The AMC course is an international undergraduate course in chemistry. It was established in 2011 under Global 30 Future Global Leadership program of Tohoku University. It is a fundamental chemistry course with an emphasis on materials science. The curriculum of the course offers students education and research training in organic chemistry, inorganic chemistry, physical chemistry, polymer chemistry, biochemistry, and materials chemistry. The AMC course is designed to train future leaders in the field of materials science, which is playing an increasing role in the development of new technologies. In particular, the AMC course gives skills needed for identifying and solving research problems within science and technology. Lectures and laboratory classes are taught by faculty members in the Department of Chemistry and affiliated materials research institutes (IMR, IMRAM, WPI-AIMR). The international character of the AMC course and its comprehensive curriculum will prepare students for global leadership roles in both academia and industry.
The AMC course is a 4-year bachelor course. It offers students training in the fundamental areas of chemistry, i.e., organic chemistry, inorganic chemistry, physical chemistry, and biochemistry. In the first year, students are taught general science subjects and Japanese language. In the second year, general chemistry courses and general science laboratory classes are provided. In the third year, students can take electives on advanced topics in chemistry, start chemistry laboratory classes and engage in research projects under the direction of a faculty member by joining one of the research laboratories. In the fourth year, students continue work on their research project and prepare their graduation thesis.
＊IGPAS (International Graduate Program for Advanced Science) is the graduate program taught in English offered by Graduate School of Science, Tohoku University.
Studying chemistry and materials science prepares students for a variety of careers in industry, government, and academia. Chemists are employed by petrochemical firms, pharmaceutical companies, biotechnology firms, consumer chemical firms, environmental control laboratories, automotive companies and many other related firms. Students who earn M.Sc. and Ph.D. degrees attain higher level positions and salaries. Examples of career paths include but are not limited to the following:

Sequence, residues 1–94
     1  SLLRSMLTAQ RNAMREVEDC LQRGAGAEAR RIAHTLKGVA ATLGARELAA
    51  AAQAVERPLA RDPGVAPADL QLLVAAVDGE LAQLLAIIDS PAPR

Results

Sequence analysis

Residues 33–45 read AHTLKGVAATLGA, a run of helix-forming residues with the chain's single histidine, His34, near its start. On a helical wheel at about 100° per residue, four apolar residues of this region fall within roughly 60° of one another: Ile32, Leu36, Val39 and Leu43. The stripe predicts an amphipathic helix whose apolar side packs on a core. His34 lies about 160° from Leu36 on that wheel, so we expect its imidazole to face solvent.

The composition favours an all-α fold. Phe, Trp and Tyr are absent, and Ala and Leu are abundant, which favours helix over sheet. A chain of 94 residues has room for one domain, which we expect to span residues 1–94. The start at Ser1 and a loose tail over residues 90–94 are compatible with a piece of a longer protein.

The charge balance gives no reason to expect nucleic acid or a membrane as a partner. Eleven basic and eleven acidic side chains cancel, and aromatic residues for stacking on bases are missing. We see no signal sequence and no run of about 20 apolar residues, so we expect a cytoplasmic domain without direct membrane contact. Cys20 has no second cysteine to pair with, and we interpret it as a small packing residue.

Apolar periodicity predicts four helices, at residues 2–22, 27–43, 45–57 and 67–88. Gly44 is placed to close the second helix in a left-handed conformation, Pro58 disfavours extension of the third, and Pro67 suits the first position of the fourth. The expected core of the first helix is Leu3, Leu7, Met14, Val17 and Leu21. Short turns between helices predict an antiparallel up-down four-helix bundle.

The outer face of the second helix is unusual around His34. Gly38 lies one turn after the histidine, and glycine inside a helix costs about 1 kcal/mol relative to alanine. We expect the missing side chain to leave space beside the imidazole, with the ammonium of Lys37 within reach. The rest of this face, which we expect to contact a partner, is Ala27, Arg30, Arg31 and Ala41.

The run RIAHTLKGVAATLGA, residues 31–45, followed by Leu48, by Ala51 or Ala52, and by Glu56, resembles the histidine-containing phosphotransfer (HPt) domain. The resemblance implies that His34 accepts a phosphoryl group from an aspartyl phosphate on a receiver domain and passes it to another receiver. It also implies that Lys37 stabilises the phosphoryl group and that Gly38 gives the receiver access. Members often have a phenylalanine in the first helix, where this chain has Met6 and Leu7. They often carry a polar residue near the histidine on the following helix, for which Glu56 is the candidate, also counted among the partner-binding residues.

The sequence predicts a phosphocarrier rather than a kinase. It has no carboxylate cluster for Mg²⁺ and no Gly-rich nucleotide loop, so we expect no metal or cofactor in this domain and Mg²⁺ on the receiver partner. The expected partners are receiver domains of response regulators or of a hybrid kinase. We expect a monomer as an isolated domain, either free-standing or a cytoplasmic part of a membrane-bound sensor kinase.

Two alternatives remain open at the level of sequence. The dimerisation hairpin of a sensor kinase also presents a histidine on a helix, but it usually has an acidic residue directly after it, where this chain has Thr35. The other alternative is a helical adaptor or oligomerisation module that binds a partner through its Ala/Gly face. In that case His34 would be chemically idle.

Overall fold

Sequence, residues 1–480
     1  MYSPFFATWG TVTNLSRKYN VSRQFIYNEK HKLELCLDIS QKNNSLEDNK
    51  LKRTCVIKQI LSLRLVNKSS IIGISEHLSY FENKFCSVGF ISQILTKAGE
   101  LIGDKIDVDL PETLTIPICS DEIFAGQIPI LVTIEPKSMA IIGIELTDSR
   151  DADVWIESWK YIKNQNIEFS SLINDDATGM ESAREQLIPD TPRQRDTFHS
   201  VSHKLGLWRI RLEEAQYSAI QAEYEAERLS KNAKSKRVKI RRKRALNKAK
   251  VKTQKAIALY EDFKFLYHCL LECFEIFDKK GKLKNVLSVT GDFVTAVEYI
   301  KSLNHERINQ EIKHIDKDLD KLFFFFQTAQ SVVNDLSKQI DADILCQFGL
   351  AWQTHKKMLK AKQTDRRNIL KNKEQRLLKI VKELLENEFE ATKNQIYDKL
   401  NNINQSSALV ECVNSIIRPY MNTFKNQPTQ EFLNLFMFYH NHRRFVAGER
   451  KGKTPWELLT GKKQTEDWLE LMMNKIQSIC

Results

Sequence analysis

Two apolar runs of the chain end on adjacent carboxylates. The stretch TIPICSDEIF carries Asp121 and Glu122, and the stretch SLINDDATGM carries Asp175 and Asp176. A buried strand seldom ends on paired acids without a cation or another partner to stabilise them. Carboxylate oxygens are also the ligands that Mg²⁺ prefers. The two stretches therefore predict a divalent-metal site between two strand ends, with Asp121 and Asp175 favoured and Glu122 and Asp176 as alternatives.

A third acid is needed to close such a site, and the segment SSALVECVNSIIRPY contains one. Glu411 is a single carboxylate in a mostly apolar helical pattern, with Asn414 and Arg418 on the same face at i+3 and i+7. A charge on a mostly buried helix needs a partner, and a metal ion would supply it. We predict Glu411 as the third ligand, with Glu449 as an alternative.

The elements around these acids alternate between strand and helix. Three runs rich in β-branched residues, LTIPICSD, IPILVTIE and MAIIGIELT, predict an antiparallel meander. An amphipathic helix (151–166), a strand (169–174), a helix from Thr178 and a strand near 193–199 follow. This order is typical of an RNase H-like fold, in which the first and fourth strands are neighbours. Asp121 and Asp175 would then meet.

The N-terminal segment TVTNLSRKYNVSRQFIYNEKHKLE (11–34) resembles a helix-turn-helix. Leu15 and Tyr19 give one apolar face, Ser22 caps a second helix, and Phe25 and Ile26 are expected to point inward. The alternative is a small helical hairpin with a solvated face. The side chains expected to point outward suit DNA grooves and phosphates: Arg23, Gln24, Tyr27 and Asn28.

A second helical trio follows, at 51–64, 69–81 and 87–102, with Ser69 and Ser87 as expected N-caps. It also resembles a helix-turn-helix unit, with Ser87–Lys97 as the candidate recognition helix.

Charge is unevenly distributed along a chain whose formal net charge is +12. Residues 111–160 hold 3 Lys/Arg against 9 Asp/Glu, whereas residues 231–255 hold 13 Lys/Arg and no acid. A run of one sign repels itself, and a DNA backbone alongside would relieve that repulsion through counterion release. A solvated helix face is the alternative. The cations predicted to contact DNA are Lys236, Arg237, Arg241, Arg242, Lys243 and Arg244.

There is a recent trend for companies in Japan to recruit more motivated graduates, which provides good opportunities for international students looking for work experience in Japan, despite the trend towards a more intensely competitive job market. Japanese companies are actively recruiting at job fairs overseas to attract talented youngsters from competitive countries.
Increasingly, Japanese companies are recruiting recently graduated international students. Every year, career fairs are held in major cities, such as Tokyo and Osaka (both easily reachable from Sendai) to help new or soon-to-be graduates connect with employers. At the recent Top Career 2015 forum in Tokyo, some 51 Japanese companies, including Mitsui Chemicals, Toray Industries, Sony and Mitsubishi Electric, held briefings for international students. This marks a steady increase since the forum began in 2008. Recent polls also indicate that the percentage of major companies that plan to hire international students is nearly 50 percent. Although global economic conditions may not be ideal, there are many opportunities for motivated, talented graduates in Japan. Source: AOKI Mizuho "Firms look to hire foreign students", The Japan Times 15 Jan. 2012
Collaboration of our faculty members provides various jobs opportunities for our graduates. Our Faculty Members have extended collaboration with domestic/international universities, research institutions; and world-wide renowned Japanese companies.